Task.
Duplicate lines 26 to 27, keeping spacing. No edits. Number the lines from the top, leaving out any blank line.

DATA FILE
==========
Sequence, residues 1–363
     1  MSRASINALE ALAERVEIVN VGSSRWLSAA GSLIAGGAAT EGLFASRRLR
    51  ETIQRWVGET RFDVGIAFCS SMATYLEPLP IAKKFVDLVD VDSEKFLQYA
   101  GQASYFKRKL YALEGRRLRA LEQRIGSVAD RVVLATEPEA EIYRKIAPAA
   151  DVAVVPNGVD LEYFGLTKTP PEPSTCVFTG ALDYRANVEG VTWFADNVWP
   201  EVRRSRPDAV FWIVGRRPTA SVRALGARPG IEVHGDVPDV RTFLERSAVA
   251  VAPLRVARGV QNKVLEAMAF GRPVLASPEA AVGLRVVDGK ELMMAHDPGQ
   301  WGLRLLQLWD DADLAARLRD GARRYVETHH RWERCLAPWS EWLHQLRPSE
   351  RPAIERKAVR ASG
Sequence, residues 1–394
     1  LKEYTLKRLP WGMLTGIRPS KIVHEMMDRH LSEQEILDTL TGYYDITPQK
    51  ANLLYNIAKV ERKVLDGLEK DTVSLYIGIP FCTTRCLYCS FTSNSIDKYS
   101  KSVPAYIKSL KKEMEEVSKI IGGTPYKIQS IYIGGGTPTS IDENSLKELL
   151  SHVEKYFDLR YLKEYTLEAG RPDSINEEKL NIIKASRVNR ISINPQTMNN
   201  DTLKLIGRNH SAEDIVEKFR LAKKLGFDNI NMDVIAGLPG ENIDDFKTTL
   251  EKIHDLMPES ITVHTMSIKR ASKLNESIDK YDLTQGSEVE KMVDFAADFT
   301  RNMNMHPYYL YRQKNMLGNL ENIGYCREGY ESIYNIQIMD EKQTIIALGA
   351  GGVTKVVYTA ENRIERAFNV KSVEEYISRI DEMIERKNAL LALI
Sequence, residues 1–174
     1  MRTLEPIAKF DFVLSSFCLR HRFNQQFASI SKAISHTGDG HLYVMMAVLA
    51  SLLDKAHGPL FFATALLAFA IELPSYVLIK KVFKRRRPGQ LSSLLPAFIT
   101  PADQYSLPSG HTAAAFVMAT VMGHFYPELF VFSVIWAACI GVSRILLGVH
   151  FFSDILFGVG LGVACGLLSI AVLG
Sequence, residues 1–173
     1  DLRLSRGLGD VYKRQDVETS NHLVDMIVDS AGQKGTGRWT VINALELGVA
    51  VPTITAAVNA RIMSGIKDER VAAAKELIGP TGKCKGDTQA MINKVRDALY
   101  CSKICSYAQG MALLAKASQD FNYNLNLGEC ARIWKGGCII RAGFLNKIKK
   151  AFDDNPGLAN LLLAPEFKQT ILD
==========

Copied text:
    51  VPTITAAVNA RIMSGIKDER VAAAKELIGP TGKCKGDTQA MINKVRDALY
   101  CSKICSYAQG MALLAKASQD FNYNLNLGEC ARIWKGGCII RAGFLNKIKK